The Friends’ board of directors credits much of the shelter’s successes to its team of active and dedicated volunteers, who bottle-feed kittens, socialize puppies, care at home for young or sick animals, serve as shelter ambassadors and adoption counselors, and pitch in at the shelter’s retail store and at the downtown VillageFest
Peaches poses between afternoon cat naps.
Addressing The Root Of The Problem
The No Kill Coachella Valley Coalition is a recently formed group of animal welfare organizations including the Palm Springs Animal Shelter, Loving All Animals, Animal Samaritans, Forever Meow, Advancing the Interests of Animals, and the Coachella Valley Animal Campus. The municipal shelter run by the Riverside County Department of Animal Services is working to implement a no-kill philosophy throughout the valley. The large number of stray, abandoned, and unwanted pets in the area remains a challenge to achieving this goal.
(Above and below) Dr. Shayda Ahkami, DVM, prepares a kitten for surgery.
Animal advocates agree that lowering the number of animals coming into shelters is the key to ensuring the success of the no-kill movement. Raising standards of care and increasing adoptions play a role, but the continual flow of animals into shelters keeps the balance weighted in the wrong direction. The problem is unwanted litters; the solution, advocates say, is accessible, low- or no-cost spay and neuter services, such as PSAS’s Fix-A-Friend program, created with funding from the Berger Foundation and PetSmart Charities. A mobile spay/neuter clinic to expand access is a dream Ahkami shares with other members of the No-Kill Coachella Valley Coalition.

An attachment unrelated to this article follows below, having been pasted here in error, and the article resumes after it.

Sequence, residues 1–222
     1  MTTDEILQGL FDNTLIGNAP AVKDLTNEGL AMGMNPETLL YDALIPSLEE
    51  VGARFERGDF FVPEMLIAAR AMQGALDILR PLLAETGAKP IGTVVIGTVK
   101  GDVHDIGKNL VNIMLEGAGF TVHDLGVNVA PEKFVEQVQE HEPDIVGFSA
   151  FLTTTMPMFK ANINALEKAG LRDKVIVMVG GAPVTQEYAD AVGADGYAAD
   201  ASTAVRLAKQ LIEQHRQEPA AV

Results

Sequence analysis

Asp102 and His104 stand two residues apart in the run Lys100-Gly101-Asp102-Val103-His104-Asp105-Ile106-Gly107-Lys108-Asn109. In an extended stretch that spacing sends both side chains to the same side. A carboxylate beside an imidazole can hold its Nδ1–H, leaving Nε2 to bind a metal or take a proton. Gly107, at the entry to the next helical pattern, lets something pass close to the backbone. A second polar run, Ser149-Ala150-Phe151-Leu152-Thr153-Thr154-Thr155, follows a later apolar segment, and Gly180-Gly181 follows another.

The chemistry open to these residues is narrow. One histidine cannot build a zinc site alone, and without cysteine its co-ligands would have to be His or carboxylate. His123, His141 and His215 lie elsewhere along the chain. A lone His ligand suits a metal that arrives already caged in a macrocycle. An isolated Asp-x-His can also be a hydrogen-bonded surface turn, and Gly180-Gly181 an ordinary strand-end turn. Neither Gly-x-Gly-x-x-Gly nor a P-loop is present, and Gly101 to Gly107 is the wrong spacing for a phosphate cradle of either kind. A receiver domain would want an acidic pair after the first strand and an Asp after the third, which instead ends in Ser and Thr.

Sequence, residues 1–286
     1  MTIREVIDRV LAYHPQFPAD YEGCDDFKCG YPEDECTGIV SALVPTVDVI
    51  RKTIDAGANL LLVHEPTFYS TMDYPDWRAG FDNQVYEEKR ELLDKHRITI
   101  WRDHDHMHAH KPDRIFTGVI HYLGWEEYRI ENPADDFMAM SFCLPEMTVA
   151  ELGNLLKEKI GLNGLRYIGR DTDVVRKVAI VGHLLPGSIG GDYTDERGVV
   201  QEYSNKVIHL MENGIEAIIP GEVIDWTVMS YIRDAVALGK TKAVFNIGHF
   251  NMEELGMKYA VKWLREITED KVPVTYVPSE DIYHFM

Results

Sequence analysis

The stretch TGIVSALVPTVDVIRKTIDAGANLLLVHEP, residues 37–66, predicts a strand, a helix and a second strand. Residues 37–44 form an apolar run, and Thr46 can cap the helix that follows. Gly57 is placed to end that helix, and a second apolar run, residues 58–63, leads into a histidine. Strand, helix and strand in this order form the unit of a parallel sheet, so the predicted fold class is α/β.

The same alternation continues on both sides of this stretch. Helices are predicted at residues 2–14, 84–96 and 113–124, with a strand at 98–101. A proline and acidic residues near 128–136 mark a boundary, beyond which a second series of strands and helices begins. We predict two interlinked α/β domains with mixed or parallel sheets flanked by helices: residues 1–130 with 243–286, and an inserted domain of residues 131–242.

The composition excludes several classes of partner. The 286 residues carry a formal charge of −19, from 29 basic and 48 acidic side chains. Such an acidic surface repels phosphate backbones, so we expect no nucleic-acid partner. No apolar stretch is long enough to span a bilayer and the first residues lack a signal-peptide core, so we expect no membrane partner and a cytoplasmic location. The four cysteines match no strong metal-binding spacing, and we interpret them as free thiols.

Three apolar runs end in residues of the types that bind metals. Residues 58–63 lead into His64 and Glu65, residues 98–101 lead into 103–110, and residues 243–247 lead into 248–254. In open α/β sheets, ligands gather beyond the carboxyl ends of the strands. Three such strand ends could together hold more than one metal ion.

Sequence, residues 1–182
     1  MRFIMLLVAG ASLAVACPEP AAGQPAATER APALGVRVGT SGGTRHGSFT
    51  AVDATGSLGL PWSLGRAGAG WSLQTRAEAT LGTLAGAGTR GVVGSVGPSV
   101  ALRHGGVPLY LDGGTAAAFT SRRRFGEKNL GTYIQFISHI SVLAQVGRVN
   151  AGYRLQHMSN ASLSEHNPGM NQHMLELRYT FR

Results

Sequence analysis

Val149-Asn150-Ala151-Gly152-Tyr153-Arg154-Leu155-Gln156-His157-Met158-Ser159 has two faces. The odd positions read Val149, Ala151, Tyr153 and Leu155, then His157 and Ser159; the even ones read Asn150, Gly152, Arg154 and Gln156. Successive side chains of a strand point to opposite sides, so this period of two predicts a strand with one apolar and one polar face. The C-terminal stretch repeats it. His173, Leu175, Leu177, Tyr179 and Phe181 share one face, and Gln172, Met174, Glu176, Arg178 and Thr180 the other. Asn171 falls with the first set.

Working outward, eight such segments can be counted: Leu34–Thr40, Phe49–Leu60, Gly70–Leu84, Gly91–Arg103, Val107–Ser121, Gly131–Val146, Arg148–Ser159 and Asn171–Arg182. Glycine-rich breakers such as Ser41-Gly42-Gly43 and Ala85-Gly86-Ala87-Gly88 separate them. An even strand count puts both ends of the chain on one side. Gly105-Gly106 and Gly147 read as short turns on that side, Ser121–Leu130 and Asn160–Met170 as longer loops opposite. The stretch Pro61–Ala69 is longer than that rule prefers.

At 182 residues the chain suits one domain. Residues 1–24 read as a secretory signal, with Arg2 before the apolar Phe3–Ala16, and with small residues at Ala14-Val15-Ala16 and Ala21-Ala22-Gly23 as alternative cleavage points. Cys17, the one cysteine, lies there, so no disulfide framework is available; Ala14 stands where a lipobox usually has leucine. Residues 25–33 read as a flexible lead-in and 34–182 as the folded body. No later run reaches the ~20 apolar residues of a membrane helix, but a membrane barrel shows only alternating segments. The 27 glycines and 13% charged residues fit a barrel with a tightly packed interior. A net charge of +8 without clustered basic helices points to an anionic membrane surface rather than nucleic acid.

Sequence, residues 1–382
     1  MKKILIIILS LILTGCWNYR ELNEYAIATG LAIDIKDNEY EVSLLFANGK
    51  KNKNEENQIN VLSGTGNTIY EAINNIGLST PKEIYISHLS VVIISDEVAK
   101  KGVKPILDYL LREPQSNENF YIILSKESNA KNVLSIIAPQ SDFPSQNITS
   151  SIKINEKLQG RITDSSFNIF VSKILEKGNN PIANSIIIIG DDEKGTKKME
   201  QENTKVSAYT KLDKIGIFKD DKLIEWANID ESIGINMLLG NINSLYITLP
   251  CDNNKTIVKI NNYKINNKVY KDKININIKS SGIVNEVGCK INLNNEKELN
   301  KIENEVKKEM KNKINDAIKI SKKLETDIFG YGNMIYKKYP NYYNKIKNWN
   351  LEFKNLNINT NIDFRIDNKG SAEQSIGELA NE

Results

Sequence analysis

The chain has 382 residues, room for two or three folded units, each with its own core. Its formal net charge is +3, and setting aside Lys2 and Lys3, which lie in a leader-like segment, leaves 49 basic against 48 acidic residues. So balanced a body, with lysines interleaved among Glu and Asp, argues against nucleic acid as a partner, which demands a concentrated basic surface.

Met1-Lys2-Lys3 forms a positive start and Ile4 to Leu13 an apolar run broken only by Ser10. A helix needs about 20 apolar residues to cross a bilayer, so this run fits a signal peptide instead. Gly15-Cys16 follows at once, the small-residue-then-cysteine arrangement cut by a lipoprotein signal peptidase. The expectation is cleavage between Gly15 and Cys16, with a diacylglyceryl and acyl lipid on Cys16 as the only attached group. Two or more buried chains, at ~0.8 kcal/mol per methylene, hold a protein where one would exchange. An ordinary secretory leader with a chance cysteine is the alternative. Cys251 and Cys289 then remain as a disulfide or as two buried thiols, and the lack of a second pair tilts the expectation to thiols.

“The problem of overpopulation of dogs and cats in our Coachella Valley is not going to fix itself,” says Michelle Bergeron, the Adoptions Alliance Rescue supervisor at the CVAC shelter, a position funded by the nonprofit Animal Samaritans. “Our residents need to understand how important it is to spay and neuter their animals, not just for the health of their animals, but for the health of the valley itself. It’s the responsible thing to do as a pet owner.”
In keeping with the coalition’s goals, Frank Corvino, deputy director of Riverside County’s Field and Shelter Services Division, has proposed an eight-point Euthanasia Reduction Program for the CVAC and the three other county-controlled shelters, which includes high-volume, low- or no-cost spay/neuter programs; expanding volunteer and foster care programs; comprehensive adoption programs that include large-scale events; social media networking; and improved training and behavior resources to increase pet retention after adoption.
Stephen S. Boyd, President, Palm Springs Animal Shelter.
With the implementation of this, and other countrywide programs, the coalition is moving closer to a “no-kill” future for all unwanted pets in the Coachella Valley.
In Palm Springs, becoming a safe haven for homeless pets is now reality. In 2011, before the Friends took control of the Palm Springs Animal Shelter, less than 50 percent of live, unclaimed dogs and 20 percent of live, unclaimed cats were adopted. Today, that number is more than 95 percent — and climbing.